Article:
As with criminal cases, that time period can be broken into three general categories, which do differ in some respects between civil and criminal cases. The shortest period in both types of cases is from the transmission of a case to the Supreme Court to a decision on whether to grant transfer. This took an average of two months in civil cases,*** compared to only three weeks in criminal cases. As explained in the April 11 post, most civil cases are delayed a few weeks while a memo is prepared by staff attorneys in the Supreme Court Administration office. Decisions to grant transfer were generally made more quickly in child cases (for example, only 28 days in I.P. and 38 days in G.P.).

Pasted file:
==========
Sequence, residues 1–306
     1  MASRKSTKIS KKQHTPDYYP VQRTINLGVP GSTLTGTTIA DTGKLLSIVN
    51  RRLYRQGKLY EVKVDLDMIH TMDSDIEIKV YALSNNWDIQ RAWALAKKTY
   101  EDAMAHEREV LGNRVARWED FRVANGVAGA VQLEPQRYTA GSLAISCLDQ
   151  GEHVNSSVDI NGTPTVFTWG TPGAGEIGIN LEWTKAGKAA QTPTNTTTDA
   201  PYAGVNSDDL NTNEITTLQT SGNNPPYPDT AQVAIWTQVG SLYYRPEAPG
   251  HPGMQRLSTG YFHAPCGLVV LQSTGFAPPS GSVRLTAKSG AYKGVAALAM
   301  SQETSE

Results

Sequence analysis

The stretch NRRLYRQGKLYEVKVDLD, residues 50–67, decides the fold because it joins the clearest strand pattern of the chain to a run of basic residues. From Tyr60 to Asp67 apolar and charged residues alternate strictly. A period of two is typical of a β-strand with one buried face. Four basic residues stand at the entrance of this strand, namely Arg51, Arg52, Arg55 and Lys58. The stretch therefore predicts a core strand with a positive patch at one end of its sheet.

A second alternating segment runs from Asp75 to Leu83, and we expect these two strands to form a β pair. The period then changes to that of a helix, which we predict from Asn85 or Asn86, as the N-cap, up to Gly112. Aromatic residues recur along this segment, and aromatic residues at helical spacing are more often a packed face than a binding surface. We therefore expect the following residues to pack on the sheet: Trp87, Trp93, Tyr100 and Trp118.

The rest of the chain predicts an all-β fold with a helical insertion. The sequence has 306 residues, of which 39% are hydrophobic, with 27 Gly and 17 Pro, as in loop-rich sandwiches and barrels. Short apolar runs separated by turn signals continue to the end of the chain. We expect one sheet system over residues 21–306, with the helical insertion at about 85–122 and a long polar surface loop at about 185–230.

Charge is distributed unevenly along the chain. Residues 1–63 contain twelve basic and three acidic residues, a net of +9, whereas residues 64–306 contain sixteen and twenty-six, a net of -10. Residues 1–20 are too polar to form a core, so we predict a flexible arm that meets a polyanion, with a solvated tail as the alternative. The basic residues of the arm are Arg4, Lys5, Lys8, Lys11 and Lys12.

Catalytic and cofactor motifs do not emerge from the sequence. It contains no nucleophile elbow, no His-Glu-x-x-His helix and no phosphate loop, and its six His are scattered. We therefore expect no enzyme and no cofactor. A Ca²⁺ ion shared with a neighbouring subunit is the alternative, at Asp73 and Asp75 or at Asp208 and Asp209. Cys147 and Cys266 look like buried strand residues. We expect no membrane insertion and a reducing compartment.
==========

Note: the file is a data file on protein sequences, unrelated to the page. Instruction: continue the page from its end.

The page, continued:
After transfer is granted, oral argument is generally scheduled, although the order setting argument may not be issued for several weeks or longer. Arguments were heard in less than two months in two child cases (S.D., a CHINS case, and G.P., a termination of parental rights case) but took nearly six months in two other cases (Mitchell and Justice). The average delay from transfer grant to oral argument was 93 days, which is significantly quicker than the 140 days in the criminal cases decided last quarter. Perhaps most remarkable here is rendering of opinions in 38% (6 of 16) of civil cases without oral argument.

Finally, after hearing oral argument, the Indiana Supreme Court decided civil cases in as short as 104 days (in S.D., a CHINS case) to more than ten months in Veolia Water. The average was 181 days (or 202 days in non-child cases), which is significantly longer than the 133 days in criminal cases.

More Unanimity